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“This is the fourth consecutive month that house prices have risen”

Last week the latest data from the Halifax House Price Index for January showed that the average house price increased by 1.3% in the month, the fourth consecutive monthly rise. The average home in the UK now costs £291,029.

The pace of annual growth is up 2.5%, representing the highest rate since January 2023. From a national growth perspective, Northern Ireland recorded the strongest growth, with annual house prices increasing by 5.3% and properties averaging £195,760. Wales and Scotland both experienced growth over the year of 4%, bringing average prices to £219,609 and £206,087 respectively. In England, from a regional perspective, over the last year the North West (+3.2%) and Yorkshire and Humber (+2.8%) have seen the biggest uptick in average prices. The top spot for the highest average house price across all regions is retained by London, despite prices in the capital reducing by 0.4% annually, standing at £529,528.

Director of Halifax Mortgages, Kim Kinnaird commented on the momentum in the market, “This is the fourth consecutive month that house prices have risen… The recent reduction of mortgage rates from lenders as competition picks up, alongside fading inflationary pressures and a still-resilient labour market has contributed to increased confidence among buyers and sellers. This has resulted in a positive start to 2024’s housing market.”

She continued, “Looking ahead, affordability challenges are likely to remain and further modest falls should not be ruled out, against a backdrop of broader uncertainty in the economic environment.”

The soaring cost of retirement

Last week the Pensions and Lifetime Savings Association (PLSA) released its latest Retirement Living Standards report which highlighted a shift in the cost of retirement living. The rising cost of living, combined with an expectation on retired people to provide financial assistance to their family has pushed up the cost of a ‘moderate’ retirement by £8,000 to £31,300 (for a single person), up from £23,300 in 2022/23.

Calculated by the Centre for Research in Social Policy at Loughborough University on behalf of the PLSA, the research focuses on three different retirement lifestyles: minimum, moderate and comfortable. The updated Standards revealed increased costs across all levels. The minimum level increased to £14,400 for a single person and to £22,400 for a couple. The moderate level increased to £31,300 for a single person and to £43,100 for a couple. And the cost of the comfortable level increased to £43,100 for a single person and to £59,000 for a two-person household.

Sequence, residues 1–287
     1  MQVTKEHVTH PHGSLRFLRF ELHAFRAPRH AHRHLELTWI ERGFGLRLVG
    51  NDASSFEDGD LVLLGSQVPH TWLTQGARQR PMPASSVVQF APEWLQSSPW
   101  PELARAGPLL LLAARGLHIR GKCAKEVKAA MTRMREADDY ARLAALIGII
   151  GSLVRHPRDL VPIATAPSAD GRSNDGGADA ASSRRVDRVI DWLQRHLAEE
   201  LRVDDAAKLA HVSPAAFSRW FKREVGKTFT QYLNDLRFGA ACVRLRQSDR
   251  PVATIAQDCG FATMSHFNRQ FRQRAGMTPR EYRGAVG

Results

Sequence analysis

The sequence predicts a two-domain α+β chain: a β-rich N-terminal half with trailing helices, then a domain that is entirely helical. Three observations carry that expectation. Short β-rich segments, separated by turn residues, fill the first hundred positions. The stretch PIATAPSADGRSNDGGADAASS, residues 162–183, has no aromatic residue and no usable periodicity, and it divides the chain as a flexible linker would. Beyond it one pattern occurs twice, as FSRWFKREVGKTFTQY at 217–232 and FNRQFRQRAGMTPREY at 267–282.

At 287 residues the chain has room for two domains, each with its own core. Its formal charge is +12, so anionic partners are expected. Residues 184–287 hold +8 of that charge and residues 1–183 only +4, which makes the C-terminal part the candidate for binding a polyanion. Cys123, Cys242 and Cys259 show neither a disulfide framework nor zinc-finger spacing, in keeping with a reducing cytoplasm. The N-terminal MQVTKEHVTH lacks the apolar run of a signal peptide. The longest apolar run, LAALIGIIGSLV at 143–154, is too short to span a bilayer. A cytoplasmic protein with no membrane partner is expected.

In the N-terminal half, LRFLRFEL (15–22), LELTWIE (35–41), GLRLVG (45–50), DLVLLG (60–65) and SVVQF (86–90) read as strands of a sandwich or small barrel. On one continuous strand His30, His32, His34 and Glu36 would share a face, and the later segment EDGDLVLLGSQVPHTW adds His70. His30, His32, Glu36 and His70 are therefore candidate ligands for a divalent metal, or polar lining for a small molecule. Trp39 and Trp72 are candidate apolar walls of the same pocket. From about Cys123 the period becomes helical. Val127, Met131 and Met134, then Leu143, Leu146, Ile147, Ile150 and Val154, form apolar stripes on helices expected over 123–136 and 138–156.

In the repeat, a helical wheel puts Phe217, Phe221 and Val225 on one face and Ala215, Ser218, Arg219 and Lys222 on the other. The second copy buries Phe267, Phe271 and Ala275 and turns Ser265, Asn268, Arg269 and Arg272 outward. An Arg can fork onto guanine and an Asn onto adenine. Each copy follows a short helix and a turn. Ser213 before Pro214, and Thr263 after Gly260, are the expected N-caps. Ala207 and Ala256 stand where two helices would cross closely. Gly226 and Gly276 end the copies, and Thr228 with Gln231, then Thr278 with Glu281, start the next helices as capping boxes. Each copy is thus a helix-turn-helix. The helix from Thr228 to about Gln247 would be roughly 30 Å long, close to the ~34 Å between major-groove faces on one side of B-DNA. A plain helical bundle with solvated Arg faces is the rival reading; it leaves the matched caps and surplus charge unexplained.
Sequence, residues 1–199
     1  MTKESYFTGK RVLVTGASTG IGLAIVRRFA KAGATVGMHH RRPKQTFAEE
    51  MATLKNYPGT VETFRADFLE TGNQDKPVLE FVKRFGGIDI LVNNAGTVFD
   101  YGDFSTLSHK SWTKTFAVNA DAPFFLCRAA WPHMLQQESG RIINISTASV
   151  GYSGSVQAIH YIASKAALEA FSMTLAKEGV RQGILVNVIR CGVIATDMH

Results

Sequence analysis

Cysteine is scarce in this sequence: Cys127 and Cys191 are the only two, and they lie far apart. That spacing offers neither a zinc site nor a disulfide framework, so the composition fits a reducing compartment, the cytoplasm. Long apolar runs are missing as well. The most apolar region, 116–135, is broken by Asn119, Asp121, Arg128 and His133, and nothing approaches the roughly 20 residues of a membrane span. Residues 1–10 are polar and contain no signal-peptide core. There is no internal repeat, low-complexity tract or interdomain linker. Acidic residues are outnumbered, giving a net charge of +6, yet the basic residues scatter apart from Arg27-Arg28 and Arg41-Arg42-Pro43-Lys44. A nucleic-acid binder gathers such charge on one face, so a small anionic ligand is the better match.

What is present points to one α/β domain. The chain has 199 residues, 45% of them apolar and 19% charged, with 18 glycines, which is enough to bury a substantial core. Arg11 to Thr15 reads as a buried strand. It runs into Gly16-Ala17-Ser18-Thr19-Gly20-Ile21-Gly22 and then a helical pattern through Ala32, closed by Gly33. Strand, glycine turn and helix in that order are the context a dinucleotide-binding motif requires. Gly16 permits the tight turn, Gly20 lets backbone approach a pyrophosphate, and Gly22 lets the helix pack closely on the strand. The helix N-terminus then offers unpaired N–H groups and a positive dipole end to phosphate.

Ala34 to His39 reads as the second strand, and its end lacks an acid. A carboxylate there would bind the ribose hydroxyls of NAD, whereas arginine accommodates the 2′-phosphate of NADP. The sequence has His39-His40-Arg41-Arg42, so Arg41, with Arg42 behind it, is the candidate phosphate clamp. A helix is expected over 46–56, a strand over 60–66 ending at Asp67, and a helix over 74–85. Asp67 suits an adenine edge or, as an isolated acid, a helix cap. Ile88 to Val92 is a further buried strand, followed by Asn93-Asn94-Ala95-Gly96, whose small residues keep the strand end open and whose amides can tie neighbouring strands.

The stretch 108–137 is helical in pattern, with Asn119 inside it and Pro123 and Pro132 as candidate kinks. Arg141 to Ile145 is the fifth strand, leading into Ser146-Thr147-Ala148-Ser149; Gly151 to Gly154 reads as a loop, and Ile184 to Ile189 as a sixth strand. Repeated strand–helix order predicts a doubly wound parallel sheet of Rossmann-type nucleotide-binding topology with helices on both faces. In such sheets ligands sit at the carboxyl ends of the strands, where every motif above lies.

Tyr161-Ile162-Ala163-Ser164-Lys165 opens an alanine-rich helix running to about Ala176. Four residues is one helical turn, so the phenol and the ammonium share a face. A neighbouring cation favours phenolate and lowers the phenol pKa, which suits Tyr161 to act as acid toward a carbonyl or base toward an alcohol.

Director of Policy and Advocacy at PLSA, Nigel Peaple, commented, “The cost of living has put enormous pressure on household finances over the last year and, as the research shows, this is no different for retirees. It’s important for workers saving for retirement to remember the standards are not prescriptive targets, they are a tool to help you engage with the type of spending you think you will do in retirement and to help you plan for it.”

Some positive news in the construction industry

Construction companies in the UK experienced an improvement in business activity expectations in January, with optimism reaching its highest level for two years, according to the latest S&P Global UK Construction Purchasing Managers’ Index. The headline PMI registered 48.8 in January, up from 46.8 in December, the highest reading since August 2023. Although order books have been subdued, this data shows expectations are optimistic, with over half of the survey panel forecasting an uptick in business activity during the year ahead, while only 12% predicted a decline.

Wall Street and Nikkei highs

Last week, the S&P 500 index in the US broke through the 5,000 market for the very first time. The index was boosted by strong earnings and technology stocks which have performed well. Japan’s Nikkei hit fresh 34-year highs last week, breaching the 37,000 mark, following a report that the Bank of Japan was not planning aggressive monetary policy tightening.

Wage growth continues to outpace inflation

According to latest official figures from the Office for National Statistics (ONS) wage growth continues to slow but is still outpacing price rises. Pay, excluding bonuses, grew by 6.2% in the last three months of 2023 compared with the same period a year before. After taking price rises into account, pay went up by 1.8%.

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The value of investments can go down as well as up and you may not get back the full amount you invested. The past is not a guide to future performance and past performance may not necessarily be repeated.

All details are correct at time of writing (14 February 2024)